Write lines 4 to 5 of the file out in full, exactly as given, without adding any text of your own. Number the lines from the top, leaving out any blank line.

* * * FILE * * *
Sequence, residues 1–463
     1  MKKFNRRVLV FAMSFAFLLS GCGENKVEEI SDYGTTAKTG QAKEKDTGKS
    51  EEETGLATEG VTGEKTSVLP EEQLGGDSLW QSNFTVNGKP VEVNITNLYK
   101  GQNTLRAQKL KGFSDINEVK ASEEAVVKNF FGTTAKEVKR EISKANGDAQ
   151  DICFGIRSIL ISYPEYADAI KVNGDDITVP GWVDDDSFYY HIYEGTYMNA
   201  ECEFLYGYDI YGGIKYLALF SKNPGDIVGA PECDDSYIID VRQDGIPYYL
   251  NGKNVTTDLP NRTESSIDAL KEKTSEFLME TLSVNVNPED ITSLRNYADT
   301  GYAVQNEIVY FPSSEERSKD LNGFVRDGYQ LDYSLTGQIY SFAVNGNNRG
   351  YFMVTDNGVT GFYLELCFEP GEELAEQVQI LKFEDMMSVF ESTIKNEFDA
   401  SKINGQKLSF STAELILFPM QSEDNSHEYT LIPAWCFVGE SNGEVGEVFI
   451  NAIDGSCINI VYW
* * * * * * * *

   101  GQNTLRAQKL KGFSDINEVK ASEEAVVKNF FGTTAKEVKR EISKANGDAQ
   151  DICFGIRSIL ISYPEYADAI KVNGDDITVP GWVDDDSFYY HIYEGTYMNA